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Chapter 13. Retouching > The Dodge and Burn Tools

The Dodge and Burn Tools

Now that we've had some fun with the Rubber Stamp tool, let's take a look at the Dodge and Burn tools. The words “dodge” and “burn” are taken from a traditional photographic darkroom. In a darkroom, an enlarger projects an image onto a sheet of photographic paper. While the image is being projected, you could put something in the way of the light source, which would obstruct the light in such a way that it would hit certain areas more than others—otherwise known as dodging the light. Or you could intensify the light by cupping your hands together, creating just a small hole in between them, and allowing the light to concentrate on a certain area more than others—otherwise known as burning. Using a combination of these two methods, you can brighten or darken your image. Photoshop reproduces these techniques with two tools: Dodge and Burn. If you look at the icons for these tools, you'll see that one of them looks like a hand; that would be for burning, allowing the light to go through the opening of your hand. The other one looks like (at least I think it looks like) a lollipop, which you can use for obstructing, or dodging, the light.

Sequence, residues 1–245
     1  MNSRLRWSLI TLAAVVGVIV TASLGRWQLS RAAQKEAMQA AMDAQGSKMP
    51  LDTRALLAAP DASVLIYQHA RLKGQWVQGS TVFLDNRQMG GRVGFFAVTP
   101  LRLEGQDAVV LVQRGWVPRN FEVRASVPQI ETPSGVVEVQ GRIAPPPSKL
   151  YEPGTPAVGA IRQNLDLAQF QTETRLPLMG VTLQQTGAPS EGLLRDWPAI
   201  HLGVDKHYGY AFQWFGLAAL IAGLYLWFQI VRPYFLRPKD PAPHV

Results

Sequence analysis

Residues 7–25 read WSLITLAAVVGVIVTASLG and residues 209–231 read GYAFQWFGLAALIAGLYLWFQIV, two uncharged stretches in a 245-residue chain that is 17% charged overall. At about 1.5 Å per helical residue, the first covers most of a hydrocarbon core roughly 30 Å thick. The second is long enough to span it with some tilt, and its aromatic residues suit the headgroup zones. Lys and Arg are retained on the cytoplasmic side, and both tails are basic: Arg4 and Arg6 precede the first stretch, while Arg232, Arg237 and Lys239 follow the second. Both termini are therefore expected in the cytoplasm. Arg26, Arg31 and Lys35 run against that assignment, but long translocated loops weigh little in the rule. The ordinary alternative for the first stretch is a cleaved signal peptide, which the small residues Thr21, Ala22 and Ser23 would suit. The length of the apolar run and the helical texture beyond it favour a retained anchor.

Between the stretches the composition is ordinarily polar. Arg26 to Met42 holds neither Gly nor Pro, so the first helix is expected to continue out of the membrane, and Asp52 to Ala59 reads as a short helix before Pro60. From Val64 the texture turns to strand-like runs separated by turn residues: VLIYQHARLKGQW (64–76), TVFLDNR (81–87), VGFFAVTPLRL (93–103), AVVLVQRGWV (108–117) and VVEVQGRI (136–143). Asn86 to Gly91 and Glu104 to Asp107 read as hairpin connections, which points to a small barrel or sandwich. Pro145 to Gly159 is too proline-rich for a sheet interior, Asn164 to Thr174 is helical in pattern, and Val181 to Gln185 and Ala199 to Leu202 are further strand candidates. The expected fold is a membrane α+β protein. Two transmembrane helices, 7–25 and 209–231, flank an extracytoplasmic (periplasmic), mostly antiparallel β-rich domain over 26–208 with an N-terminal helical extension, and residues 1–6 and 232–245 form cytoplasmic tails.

The Dodge Tool

Let's take a closer look at the Dodge tool. Because it can lighten your image, the Dodge tool comes in handy when you are working on people with dark shadows under their eyes. But before we get into cosmetic surgery, I'll introduce you to a very important pop-up menu, called the Range menu, which is associated with this tool. You'll find it in the Options bar at the top of your screen (Figure 13.24). The pop-up menu has three choices: Shadows, Midtones, and Highlights. This menu tells Photoshop which shades of gray it should concentrate on when you pan across your image.


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